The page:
ACCC calls for port link infrastructure reform

As truck turnaround times fall, Sims uses stevedoring report release to back peak pricing and other efficiency goals

November 7, 2013

The Australian Competition and Consumer Commission has taken up the cudgels on surface transport infrastructure reform around ports
in its latest stevedoring report.

And while there may be a third entrant to shake up the stevedoring duopoly of Patrick and DP World but the ACCC’s message remains focused on the need for competition to drive container handling prices down.

Commenting on the 15th edition of its annual Container stevedoring monitoring report, ACCC Chairman Rod Sims insists only strong competition will drive waterfront efficiency.

However, Sims has stern points to make on port road infrastructure investment, saying "an important reform task lies ahead".

The ACCC believes port expansions must be accompanied by targeted investments in road and rail connections to container terminals "if Australia is to be ready to meet all of the challenges associated with an expected doubling in the freight task over the next 20 years".

"The ACCC considers that further economic reform is required to ensure that related transport issues do not create bottlenecks in and around our growing container ports, and supports initiatives by various governments and other agencies to address these issues," Sims says.

Reforms the ACCC wants considered are:

  • heavy vehicle road provision so that the right investments in the right roads can occur;
  • better signals for exporters and importers to enable them to make better, informed decisions about ‘modal choice’ i.e. whether to use road or rail services to move containers
  • pricing mechanisms to incentivise truck operators to better use landside facilities, such as through peak period pricing, which can encourage off-peak access to terminals.

"Without these reforms, Australia risks losing the benefits of investments in capacity expansion and competition at major container ports," Sims adds.

Though volatile, truck turnaround times continue to trend downward.

On average, across all five major mainland ports, average truck turnaround times fell from 39.0 minutes in the September quarter 2007 to 30.6 minutes in the June quarter 2013.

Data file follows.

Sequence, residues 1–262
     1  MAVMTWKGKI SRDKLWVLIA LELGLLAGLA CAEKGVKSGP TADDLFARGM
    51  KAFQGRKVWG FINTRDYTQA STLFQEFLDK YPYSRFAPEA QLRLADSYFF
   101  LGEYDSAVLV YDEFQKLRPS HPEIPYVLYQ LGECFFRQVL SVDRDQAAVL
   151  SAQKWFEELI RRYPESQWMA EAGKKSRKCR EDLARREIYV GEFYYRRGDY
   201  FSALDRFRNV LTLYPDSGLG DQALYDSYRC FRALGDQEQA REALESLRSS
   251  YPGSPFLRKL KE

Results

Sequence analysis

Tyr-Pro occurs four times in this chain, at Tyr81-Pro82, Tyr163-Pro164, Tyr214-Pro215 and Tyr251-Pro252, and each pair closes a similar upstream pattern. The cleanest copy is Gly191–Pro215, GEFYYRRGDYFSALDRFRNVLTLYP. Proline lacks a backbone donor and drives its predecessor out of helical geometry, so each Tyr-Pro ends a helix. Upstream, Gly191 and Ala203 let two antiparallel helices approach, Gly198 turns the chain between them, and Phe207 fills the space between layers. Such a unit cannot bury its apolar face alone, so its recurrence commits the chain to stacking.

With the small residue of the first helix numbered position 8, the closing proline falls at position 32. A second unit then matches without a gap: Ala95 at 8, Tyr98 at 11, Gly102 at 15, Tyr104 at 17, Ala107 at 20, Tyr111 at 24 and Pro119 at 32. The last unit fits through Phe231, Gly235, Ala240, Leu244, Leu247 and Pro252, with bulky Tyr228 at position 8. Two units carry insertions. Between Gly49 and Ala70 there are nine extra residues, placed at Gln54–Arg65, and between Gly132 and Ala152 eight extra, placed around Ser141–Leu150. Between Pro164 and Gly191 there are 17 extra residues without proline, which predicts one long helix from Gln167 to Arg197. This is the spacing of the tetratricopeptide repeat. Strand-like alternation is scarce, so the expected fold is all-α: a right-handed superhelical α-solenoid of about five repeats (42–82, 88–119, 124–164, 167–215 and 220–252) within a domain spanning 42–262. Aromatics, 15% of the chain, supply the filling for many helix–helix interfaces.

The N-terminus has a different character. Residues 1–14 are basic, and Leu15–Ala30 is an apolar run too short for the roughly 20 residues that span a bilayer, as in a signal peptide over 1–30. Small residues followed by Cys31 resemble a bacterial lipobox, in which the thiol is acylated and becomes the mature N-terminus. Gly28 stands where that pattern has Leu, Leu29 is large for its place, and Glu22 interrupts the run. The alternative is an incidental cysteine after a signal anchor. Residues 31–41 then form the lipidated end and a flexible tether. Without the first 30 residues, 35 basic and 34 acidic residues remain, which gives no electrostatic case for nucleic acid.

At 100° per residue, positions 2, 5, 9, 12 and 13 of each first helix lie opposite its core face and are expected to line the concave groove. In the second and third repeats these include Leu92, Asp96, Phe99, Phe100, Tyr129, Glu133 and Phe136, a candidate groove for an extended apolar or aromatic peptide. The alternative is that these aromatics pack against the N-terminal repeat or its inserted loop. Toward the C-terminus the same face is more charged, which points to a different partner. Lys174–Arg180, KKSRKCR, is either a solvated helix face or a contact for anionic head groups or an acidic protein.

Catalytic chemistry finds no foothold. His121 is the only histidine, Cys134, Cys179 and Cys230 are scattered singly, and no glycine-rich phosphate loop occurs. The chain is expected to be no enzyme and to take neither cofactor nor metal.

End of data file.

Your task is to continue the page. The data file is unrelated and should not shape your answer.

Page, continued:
The greatest improvement in truck turnaround times has occurred in Sydney, particularly since the December quarter 2010. At that time, turnaround times of 45.5 minutes were observed.

These fell to 35.6 minutes in the June quarter 2013 and the improvement put down to the effect of the Port Botany Landside Improvement Strategy (PBLIS).

The report notes that the trend of PBLIS penalty payments from stevedores to trucking soon after its introduction in January 2011 had reversed more recently.

In Melbourne, the deterioration in turnaround times during 2011-12 had been surmounted due to improved transit procedures and Vehicle Booking System improvements.

On stevedoring itself, in welcoming the entry of Hutchison Ports Australia in Brisbane and Sydney and the tendering process being opened in Victoria, Sims insists the sector is preparing for accelerated productivity.

"The Australian stevedoring industry is healthier than ever before," he says.

"Landmark reforms undertaken in 1998 have been instrumental in driving increased productivity on the Australian waterfront.

"The industry is now poised to benefit further; this time, competition from a third stevedore will spur the industry to become even more efficient."

The report states that, since 1998, stevedoring costs have fallen by 44 per cent in real terms.

Most of this cost saving has been passed onto shipping lines, with average prices falling by 37 per cent in real terms over the same period.

Productivity has improved, with cranes moving 29.2 containers per hour in 2012-13 compared with 19.6 in 1998-99.

Labour productivity has almost doubled, increasing from 22.4 containers per hour worked in 1998-99 to 41.1 containers per hour worked in 2012-13.

The full report can be found here.

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